The Authority for the Digitalisation of Romania (the “Authority” or the “ADR”) approved long-awaited norms on the regulation, recognition, approval or acceptance of procedures for the remote identification of persons using video means (the “Norms”). The Norms approved via Decision no. 564/2021 were published in the Official Gazette on 24 November 2021. Despite certain inconsistencies (some signalled in this brief), the Norms will be enforceable as of 24 December 2021.
The Norms set out a framework for the recognition in Romania of remote video identification systems of persons, inter alia in accordance with the e-IDAS Regulation (EU) 910/2014 on electronic identification and trust services for electronic transactions in the internal market (the “eIDAS Regulation”).
The Authority (which is also the Romania supervisory authority for Romanian trusted services providers) is the public authority designated for supervision and control of the application of the Norms.
Who is concerned
The Norms regulate how credit institutions, non-banking financial institutions, payments services providers, trusted services providers, public entities and third-party identification services providers may use or offer for use remote video recognition systems in full compliance with the existing legislation in Romania and with the requirements of the eIDAS Regulation.
Practice note: it is not clear whether the requirements in the Norms apply to other types of entities that conduct, or intend to conduct, remote identification via video means in their business, such as insurance companies and intermediaries, other financial institutions (such as investment or pension funds), online gambling companies, etc. It appears that such other entities will need to use remote video identification systems compliant with the Norms, i.e., by employing third parties complying with the Norms, to benefit from recognition of legal effects of the remote identification systems deployed. Inhouse systems, or generally systems that do not fall under the scope of the Norms, will not be recognised as valid and conclusive in courts.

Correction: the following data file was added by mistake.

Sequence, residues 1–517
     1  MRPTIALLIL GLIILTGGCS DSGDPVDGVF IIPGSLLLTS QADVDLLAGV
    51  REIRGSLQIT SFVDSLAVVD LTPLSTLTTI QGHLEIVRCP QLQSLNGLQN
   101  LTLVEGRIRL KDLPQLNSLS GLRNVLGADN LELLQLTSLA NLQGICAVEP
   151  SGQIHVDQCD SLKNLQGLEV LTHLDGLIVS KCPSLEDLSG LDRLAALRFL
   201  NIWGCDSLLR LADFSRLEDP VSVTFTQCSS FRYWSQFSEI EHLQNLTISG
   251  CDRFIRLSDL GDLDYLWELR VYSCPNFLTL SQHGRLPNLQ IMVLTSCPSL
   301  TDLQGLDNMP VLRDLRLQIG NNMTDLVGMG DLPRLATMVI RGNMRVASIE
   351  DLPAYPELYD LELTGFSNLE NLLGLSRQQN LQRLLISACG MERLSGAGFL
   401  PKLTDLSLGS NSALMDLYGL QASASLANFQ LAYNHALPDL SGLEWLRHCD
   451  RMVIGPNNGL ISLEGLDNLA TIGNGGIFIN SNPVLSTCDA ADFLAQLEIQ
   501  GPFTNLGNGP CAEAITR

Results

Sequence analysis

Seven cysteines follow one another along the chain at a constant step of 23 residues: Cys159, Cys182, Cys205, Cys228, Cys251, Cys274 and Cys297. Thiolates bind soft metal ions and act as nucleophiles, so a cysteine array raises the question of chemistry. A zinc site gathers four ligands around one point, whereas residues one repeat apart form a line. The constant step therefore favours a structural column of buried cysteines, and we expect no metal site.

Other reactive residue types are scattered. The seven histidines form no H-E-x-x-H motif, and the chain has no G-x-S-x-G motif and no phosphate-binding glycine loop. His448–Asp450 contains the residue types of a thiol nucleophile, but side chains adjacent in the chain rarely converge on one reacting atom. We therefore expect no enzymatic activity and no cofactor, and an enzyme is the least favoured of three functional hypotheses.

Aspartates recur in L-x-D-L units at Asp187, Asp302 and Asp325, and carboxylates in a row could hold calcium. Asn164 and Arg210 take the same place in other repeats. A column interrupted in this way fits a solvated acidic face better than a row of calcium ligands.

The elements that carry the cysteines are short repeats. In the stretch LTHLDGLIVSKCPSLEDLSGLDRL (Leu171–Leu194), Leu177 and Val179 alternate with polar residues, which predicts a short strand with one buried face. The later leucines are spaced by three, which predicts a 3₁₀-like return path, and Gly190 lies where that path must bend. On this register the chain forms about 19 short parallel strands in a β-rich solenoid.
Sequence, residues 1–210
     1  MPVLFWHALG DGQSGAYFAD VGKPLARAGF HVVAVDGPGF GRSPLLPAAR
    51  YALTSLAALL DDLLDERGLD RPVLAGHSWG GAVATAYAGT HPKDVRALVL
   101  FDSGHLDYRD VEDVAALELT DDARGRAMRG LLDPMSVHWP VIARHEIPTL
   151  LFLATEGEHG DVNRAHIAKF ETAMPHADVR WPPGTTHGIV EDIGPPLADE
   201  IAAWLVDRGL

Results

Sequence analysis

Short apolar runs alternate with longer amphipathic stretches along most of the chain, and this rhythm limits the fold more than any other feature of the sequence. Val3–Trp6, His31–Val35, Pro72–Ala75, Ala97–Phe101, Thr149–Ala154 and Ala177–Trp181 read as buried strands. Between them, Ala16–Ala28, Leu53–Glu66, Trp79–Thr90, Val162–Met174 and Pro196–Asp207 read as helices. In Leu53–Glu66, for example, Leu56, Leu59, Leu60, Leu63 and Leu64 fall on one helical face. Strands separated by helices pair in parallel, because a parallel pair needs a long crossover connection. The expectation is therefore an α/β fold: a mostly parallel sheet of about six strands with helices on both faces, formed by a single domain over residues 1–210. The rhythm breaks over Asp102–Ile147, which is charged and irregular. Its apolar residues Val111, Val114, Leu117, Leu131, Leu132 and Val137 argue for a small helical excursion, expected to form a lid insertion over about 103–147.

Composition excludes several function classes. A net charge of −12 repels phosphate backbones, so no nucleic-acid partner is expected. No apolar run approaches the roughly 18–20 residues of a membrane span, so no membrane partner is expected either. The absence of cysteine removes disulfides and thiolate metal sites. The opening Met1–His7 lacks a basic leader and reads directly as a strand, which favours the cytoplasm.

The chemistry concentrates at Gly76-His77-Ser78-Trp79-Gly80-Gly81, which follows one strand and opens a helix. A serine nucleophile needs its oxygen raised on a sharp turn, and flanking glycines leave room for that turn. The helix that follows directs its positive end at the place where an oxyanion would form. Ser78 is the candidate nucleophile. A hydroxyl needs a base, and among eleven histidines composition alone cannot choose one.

What needs to be done
Companies listed in the Norms as remote video identification providers must notify the Authority with 30 days prior to using a remote video identification system and provide substantiating documentation including (i) a description of the technical solution, (ii) an audit report issued by an ADR-registered IT auditor/evaluation report according to eiDAS, confirming compliance with the Norms, (iii) third-party liability insurance policies (only banks, non-banking financial institutions and payment services are required to submit such TPL), (iv) the security standards with which the system complies, as well as (v) statements that adequate policies and procedures are used in the process.
Banks, non-banking financial institutions and payment services providers that use third-party identification systems will only have to notify copies of the services contract with the third-party provider and statements on policies and procedures on the use of the system at the notifying entity.
Practice note: contracts with third-party identification services providers will need to be carefully drafted to address matters such as liability, compliance, security standards, cooperation, etc.
Remote video recognition systems currently used in practice must achieve compliance with the Norms. It is not clear from the Norms whether compliance is a precondition to the continued use of the remote identification systems, which could lead to suspending the use of said systems before a technical notice is provided by the Authority.